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The crowd and the un-lock screen

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The crowd and the un-lock screen

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Getting the crowd to perform small tasks has been popular for over a decade now.  Arguably the most interesting of these kind of projects have been those that have tapped into things we would do normally to perform something worthwhile at the same time.

I wrote recently about the continued success of the Folding@Home distributed computer application that taps into our latent computing power to form a supercomputer that can perform scientific work.  The reCAPTCHA project has also been highly successful, with it enlisting the input of users decoding captcha messages being used to digitize hard to decode pieces of text.  An offshoot of this project has seen users translating texts as part of the Duolingo service.

A service along similar lines is Twitch.  Twitch is an Android app that attaches itself to the screen most smartphones present us with when the device is locked.  It asks you to complete a few simple tasks, such as ranking images or structuring data whenever you unlock your phone.  The information is then collated and compiled with the hope that it could prove useful to groups such as university academics or market researchers.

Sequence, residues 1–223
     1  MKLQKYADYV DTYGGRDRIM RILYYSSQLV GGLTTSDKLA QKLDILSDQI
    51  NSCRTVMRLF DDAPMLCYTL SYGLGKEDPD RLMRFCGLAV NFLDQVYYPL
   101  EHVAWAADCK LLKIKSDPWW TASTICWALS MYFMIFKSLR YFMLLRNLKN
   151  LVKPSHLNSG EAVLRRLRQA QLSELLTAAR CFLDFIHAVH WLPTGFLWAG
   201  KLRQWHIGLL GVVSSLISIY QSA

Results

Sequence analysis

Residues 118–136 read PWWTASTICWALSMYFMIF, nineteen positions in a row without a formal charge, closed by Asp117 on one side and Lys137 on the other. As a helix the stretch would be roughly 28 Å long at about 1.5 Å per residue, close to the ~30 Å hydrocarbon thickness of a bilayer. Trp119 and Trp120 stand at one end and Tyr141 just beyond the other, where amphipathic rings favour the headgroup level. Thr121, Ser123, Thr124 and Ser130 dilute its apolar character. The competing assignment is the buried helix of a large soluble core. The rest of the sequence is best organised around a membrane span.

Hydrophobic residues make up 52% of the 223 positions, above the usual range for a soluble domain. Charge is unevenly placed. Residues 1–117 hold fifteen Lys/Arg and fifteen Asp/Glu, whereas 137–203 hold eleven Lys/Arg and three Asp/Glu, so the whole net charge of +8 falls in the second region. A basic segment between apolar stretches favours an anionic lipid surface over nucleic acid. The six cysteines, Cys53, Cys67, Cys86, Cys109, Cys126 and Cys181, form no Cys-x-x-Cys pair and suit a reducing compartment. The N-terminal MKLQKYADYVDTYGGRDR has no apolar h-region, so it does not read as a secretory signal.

The app was built to try and exploit the 160 million people in the US alone that have smartphones, and therefore have lock screens that are ordinarily under-used.  The brainchild of a number of academics, the app has recently been the subject of a research paper that hoped to delve deeper into the possibilities of such a service.

It saw 82 Twitch users complete 19 tasks per day over a three week period.  These tasks ranged from saying what they were wearing, how energetic they felt and how many people were nearby.  The study discovered that these simple tasks typically took no longer than the traditional slide to unlock motion, with each task taking on average 1.6 seconds, vs 1.4 seconds for the normal swipe.

“All we did was replace that gesture that makes sure you’re paying attention with something else that makes sure you’re paying attention and also happens to contribute to some global goal,” the researchers say.

There was no payment for performing these tasks, but users were informed of how many other people near them chose the same answer.  That proved of limited success however, as nearly 50% of participants in the study uninstalled the app within a single day.

Slide to X is a similar service, but they pay people to participate.  They present users with a number of options when unlocking their phone.  They might for instance answer a question around their health or recent activities, or they may simply swipe as usual.

It emerged that by paying people, early participants answered on average 50 questions per day, or over 750 over a two week period.  The compensation, albeit a small one of < 3c per question, seemed sufficient to encourage continued participation.  The hope is that the service will be expanded so that non-profits can utilise the platform for simple data collection style research.

Both represent an interesting way of tapping into the wisdom of crowds.  Despite two contrasting approaches, both are undergoing quite rapid development, so will no doubt evolve considerably from these early models.  Certainly an area to keep an eye on.

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